The wide variety of birds in Logan provides a great range of bird-watching opportunities.
Logan is home to Australia's rarest species of cockatoo - the glossy black cockatoo. These birds are only found in eastern Australia.
We are part of the Glossy Black Conservancy group. The aim of this group is to raise community awareness and share knowledge about the glossy black cockatoo. We will use their research to help protect these rare cockatoos.
Each year you can help count our local glossy black cockatoo population.
For more information about the Glossy-Black Cockatoo Birding Day, please email us at email@example.com or call us on 07 3412 4491
One of Australia’s most iconic species, the platypus(Ornithorhynchus anatinus) is an egg laying, nocturnal mammal with dense brown fur and a flattened duck-like bill.
The platypus has been spotted in Logan at the Albert River. They live in creeks, dams, ponds and freshwater streams in eastern Australia including Tasmania. Threats include fish entanglement, predators and habitat loss through waterway modification.
Watergum’s citizen science program engages volunteers to monitor wild platypus populations in Logan and the Gold Coast. Community education also provides information about:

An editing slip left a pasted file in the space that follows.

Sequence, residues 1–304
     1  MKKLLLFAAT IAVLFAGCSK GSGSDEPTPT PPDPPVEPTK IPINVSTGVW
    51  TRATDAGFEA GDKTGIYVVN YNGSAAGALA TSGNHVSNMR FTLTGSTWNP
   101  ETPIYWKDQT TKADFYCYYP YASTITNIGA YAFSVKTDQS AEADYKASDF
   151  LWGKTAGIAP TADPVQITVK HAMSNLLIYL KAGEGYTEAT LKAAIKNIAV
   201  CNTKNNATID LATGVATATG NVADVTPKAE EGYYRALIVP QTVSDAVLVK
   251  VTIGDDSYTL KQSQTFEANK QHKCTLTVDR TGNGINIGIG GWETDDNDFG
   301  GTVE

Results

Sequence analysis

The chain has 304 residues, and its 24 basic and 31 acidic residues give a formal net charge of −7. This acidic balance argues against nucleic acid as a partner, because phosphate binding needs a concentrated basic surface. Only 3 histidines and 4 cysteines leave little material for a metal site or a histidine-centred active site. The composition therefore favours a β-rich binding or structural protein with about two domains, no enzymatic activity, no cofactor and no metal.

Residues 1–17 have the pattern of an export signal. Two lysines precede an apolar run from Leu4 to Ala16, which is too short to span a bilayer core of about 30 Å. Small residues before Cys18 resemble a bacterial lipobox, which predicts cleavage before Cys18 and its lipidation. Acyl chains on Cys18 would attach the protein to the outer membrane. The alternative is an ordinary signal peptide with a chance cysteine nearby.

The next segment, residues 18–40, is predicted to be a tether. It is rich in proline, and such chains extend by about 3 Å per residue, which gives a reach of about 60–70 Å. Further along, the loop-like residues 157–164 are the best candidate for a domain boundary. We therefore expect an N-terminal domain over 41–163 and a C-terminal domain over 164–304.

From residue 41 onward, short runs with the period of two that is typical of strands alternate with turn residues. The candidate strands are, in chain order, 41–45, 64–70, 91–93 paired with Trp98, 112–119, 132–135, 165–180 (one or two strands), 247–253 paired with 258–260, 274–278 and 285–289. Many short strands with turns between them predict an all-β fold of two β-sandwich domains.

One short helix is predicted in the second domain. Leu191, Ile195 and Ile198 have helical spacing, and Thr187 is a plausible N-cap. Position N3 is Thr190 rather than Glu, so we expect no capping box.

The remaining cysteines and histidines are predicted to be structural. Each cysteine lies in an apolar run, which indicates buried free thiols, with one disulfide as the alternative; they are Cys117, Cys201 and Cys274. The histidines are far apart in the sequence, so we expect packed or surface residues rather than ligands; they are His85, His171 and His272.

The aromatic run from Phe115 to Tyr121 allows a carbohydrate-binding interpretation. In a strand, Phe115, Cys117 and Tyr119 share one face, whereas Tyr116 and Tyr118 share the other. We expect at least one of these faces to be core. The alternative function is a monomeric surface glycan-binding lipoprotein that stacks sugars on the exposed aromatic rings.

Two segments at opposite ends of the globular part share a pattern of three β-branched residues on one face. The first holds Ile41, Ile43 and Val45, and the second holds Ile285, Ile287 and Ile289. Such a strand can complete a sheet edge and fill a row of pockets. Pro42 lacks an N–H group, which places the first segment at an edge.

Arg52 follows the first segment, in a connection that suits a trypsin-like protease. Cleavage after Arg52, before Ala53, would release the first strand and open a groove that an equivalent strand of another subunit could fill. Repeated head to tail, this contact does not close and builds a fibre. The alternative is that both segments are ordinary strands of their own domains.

the biology of platypus
food and habitat
threats to platypus.
Community volunteers help collate vital data on platypus populations and habitat by going out to search for platypus. Sightings and observations are reported to council and added to national databases. In Logan, PlatypusWatch surveyors wait on the banks of the Albert River. The best opportunities to spot platypus are at dawn.
Environmental DNA (eDNA) is a non-invasive and quick way to monitor aquatic animals. While carrying out day-to-day activities, aquatic animals, like the platypus, shed DNA from their bodies into the water. eDNA sampling involves collecting water samples which are then tested at a laboratory to detect species-specific DNA fragments.
Since 2016 the Wildlife Preservation Society of Queensland through its PlatypusWatch Network have been undertaking eDNA sampling for platypus DNA within the City of Logan. Much of the survey has focussed on the Albert River and associated tributaries, with varying positive and negative results.
In 2021, 16 sites were sampled along the Albert River and associated tributaries. Five locations within the Albert River catchment have tested positive for platypus DNA. Through the Albert River Vision, we continue to undertake plantings and erosion control along the Albert River. These works are important to help maintain the habitat needed for platypuses, like vegetated, high stable banks.
For more information about this project visit the Wildlife Preservation Society of Queensland’s PlatypusWatch.